Damping parameter, tan , is the ratio of loss to storage modulus. It is dimensionless property that related to the ability of a material to absorb a vibrational energy. While storage and loss moduli indicate elastic and viscous responses, damping parameter is an indicator of viscoelastic response of a material. As well as the peak of loss modulus curve, the damping peak occurs in the region of glass transition where a material behaviour transforms from a rigid (glassy) state to a more elastic (rubbery) state and can be used to assign the Tg 26. The value, however, may be different 24. Hence, it is important to write which peak was used when reporting Tg..

Figures 10 and 11 represent the damping parameter curves of pith/PVC and rind/PVC composites, respectively. It can be clearly observed that the height of peak of both composites decreased with the increase of fibre content. In a composite system, the composition of composting materials highly affects the damping parameter. When the elastic fibre is incorporated, the system would be more elastic. Since damping parameter is the ratio of viscous and elastic responses, it would decrease with the increase of the content of elastic substance.

Moreover, it is observed that the trend of Tg based on tan , have an agreement with that based on loss modulus. The values, however, were higher than those obtained from loss modulus curve. The peaks of damping parameter were located at the temperature of more than 80 oC (Figure 10) while the peaks of loss modulus were located at the temperature less than 80 oC (Figure 6).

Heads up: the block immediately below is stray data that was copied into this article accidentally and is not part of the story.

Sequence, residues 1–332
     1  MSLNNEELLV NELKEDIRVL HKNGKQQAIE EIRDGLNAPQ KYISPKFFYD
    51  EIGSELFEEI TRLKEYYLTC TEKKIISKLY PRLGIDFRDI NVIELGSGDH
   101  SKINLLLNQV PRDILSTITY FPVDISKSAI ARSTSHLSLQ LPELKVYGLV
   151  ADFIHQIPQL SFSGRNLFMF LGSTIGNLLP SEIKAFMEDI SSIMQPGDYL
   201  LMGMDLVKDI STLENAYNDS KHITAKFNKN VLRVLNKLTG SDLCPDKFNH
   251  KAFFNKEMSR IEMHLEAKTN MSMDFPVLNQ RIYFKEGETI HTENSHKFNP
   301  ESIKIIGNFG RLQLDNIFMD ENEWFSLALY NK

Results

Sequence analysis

Conclusions

Elastic and viscoelastic properties of sugarcane bagasse filled PVC composites are highly affected by the fibre source and fibre content. Incorporation of low fibre content of pith or rind into PVC may decrease elastic properties, by means of modulus of elasticity and the storage modulus of PVC at initial temperature. However, the elastic properties of composites increases with the increase of fibre content. Increasing the fibre content may increase the effectiveness of the filler on the elastic and storage modulus increment. In addition, the rind/PVC composites offer superior elastic response compared to pith/PVC composites. The pith/PVC composites, however, offer better thermal stability and interfacial bonding compared to rind/PVC composites. In term of viscoelastic properties, it is observed that the incorporation of fibres may decrease the damping parameter of the composites.

Acknowledgments

The authors wish to thank Universiti Putra Malaysia for financial support of this study and fellowship funding for the main author through the Research University Grant Scheme (RUGS; Project no: 05/01/07/0190RU) and Graduate Research Fellowship (GRF), respectively. Part of this paper have been submitted to The International Conference on Plant Equipment and Reliability 2010 (ICPER2010), Kuala Lumpur, Malaysia.